Gaming has always been pushing the boundaries of technology. Back in the 1960s, the first-ever video game was designed to show off the capabilities of early computers. Then by the 1970s and 1980s, arcade machines were continually being made more powerful so that developers could make bigger and more engaging games.
Outside of hobbyists who just enjoyed tinkering with early home computers and business users that needed them for work, most people bought the earliest PCs to use for gaming. Eventually, companies like Nintendo and Atari realized that there was scope to make dedicated gaming machines, leading to consoles like the NES and the Atari 2600.
Ever since, technology has been changing the way we develop, buy, and play games.
It seems like a long time ago that TVs were as deep as they were wide, but in reality, those big and bulky cathode ray tube (CRT) television sets were still the norms a little over 10 years ago.
Of course, today, the newest televisions are almost wafer-thin, giving us the ability to hang them on walls or stack them on top of small tables. That is perhaps the most noticeable effect that LCD screens have had on our lives, but actually, life (and gaming) would be very different without them.
Your smartphone, tablet, or portable games console wouldn’t exist without LCD displays as there would be no way to make them small enough to carry around. Therefore, without the development of liquid crystal technology, mobile gaming would not exist.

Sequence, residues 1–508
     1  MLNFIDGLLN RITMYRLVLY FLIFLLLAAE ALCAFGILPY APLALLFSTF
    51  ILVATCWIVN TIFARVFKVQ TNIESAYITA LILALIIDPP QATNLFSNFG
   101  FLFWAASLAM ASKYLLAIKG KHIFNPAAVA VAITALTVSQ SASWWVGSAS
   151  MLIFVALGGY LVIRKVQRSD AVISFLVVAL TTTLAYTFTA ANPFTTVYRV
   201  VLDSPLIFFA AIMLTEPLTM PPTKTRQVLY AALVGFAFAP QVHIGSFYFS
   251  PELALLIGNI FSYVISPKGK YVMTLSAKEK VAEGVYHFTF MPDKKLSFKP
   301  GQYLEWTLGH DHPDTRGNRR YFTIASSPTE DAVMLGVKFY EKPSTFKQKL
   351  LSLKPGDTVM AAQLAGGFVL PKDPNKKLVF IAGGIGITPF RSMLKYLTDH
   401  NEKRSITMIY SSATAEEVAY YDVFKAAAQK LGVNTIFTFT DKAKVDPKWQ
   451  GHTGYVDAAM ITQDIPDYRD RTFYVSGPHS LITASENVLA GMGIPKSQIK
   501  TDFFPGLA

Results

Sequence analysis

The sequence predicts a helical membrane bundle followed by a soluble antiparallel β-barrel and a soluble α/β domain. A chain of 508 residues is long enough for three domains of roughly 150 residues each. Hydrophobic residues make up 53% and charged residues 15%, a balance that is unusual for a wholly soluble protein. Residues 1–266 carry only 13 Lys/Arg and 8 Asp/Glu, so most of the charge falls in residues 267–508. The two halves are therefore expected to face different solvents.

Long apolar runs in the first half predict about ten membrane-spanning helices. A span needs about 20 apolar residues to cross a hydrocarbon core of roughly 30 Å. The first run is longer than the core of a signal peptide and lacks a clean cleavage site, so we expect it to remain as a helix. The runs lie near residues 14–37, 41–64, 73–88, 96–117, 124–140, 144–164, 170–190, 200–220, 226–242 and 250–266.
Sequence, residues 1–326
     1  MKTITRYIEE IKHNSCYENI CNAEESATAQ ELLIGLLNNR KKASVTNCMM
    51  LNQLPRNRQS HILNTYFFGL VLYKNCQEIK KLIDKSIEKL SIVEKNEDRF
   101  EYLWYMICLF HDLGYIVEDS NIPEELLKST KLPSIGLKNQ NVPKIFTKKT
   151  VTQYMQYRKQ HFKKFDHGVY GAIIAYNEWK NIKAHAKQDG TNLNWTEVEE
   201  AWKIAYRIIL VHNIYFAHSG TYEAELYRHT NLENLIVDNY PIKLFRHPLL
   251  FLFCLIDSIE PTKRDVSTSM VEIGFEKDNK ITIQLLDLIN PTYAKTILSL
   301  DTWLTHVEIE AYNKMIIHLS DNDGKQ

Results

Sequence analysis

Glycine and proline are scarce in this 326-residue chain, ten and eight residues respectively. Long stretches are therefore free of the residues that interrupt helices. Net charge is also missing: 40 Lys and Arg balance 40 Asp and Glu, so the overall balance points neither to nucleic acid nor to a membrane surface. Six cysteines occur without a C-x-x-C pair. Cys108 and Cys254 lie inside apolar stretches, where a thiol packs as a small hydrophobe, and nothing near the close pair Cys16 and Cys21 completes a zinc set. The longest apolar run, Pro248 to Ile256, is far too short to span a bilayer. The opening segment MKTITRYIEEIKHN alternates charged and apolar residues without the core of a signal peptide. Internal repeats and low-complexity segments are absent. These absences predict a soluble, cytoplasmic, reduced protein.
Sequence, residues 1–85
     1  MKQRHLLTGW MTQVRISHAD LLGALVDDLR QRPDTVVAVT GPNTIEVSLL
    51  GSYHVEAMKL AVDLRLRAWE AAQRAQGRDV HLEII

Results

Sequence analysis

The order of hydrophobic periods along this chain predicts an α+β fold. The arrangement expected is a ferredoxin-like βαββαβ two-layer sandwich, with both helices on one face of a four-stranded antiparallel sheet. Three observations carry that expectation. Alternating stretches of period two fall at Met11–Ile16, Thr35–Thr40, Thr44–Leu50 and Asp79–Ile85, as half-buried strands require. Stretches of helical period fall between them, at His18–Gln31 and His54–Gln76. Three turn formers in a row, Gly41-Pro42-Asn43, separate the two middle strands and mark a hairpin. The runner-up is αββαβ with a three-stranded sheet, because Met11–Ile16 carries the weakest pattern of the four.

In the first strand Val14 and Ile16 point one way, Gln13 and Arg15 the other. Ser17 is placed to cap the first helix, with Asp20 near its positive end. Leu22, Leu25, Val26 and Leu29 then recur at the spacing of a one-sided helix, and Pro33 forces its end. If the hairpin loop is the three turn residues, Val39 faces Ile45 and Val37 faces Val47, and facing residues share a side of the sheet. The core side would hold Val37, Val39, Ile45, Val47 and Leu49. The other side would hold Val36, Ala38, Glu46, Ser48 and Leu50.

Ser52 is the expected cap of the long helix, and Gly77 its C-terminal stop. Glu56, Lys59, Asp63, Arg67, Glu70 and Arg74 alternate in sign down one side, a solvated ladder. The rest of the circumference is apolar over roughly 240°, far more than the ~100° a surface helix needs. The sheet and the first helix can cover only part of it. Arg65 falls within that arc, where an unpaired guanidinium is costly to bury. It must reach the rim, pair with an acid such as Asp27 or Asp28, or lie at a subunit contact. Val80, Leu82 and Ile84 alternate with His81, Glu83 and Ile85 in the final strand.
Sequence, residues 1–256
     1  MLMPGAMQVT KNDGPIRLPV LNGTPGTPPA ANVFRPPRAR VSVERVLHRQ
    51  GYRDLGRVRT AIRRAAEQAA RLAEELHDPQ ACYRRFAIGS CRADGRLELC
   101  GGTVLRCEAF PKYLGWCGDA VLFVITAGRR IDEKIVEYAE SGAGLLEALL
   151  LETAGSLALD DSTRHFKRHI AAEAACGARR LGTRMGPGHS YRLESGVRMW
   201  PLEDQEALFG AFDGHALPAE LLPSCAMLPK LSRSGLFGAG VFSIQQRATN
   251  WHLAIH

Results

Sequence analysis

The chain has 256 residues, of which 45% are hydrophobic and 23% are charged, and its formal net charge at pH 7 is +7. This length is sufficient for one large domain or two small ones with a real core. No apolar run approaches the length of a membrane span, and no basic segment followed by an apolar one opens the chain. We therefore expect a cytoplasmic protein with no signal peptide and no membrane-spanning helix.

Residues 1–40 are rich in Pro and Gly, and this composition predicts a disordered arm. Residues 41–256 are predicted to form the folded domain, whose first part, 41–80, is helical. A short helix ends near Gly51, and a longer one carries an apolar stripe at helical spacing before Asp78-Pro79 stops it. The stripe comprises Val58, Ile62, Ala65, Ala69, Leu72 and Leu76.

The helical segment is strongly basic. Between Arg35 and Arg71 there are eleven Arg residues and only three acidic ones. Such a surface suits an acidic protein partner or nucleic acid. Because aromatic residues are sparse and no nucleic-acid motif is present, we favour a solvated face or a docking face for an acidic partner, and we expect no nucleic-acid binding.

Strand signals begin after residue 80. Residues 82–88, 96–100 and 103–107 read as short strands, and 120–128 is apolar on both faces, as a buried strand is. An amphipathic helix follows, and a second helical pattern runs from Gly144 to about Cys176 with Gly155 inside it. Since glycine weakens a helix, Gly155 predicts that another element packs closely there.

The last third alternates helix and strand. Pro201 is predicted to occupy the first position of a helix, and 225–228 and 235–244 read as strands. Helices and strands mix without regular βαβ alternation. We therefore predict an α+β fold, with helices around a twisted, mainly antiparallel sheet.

Every website that you view through your web browser is coded using a language called HTML. Using a set of tags, web designers can tell your computer what to display on the screen. HTML has evolved over the years, though, from a static set of instructions to support media like video and games natively.
HTML5 was officially recommended by the W3C in 2014, though many web designers were already using it before that. It was a major step up from HTML 4.01 because it removed the need for third-party plugins like Adobe Flash.
This made it easier for gaming sites to offer their content to a wider audience, including those on mobile devices that didn’t support Flash. Sites like MiniClip have not been using Flash for their new games for the best part of a decade now, with popular examples of their HTML5 games, including 8 Ball Pool and Football Strike. Similarly, online casinos now offer their popular online slot games like Age of Gods and Imperial Kitchen through web browsers in some regions, taking advantage of HTML5 to do so.
If you’re old enough to have lived through the 1980s, you’ll likely remember the video format wars. This was a period of time when JVC’s VHS and Sony’s Betamax were pitted against each other to see which would become the dominant format. VHS ultimately won and would remain the main way of watching content at home until DVDs took over in the early 2000s.
Then came the next format war, a competition between Sony’s Blu-Ray and Toshiba’s HD-DVD format. Sony bundled its Blu-Ray drives into the PlayStation 3, helping to get it out to more homes and ultimately beat the rival format.
Blu-Ray has since appeared in every console made by both Sony and Microsoft. This is because the larger-capacity discs are needed to fit bigger games. For example, a DVD can fit 4GB, while a Blu-Ray disc can store up to 50GB, which most developers now take full advantage of.
Now, of course, Blu-Rays have mostly been replaced by digital downloads as many of the latest generations of games exceed even the 50GB of capacity they have. But digital distribution isn’t the only way gaming has been changed by the internet.
Today, many titles are made either with online-only multiplayer modes or, at least, focus heavily on this functionality. This lets players compete against (or co-op play with) their friends or strangers.
This has also led to the creation of esports, an entirely new form of competition that uses video games as the field of battle instead of a football pitch or tennis court.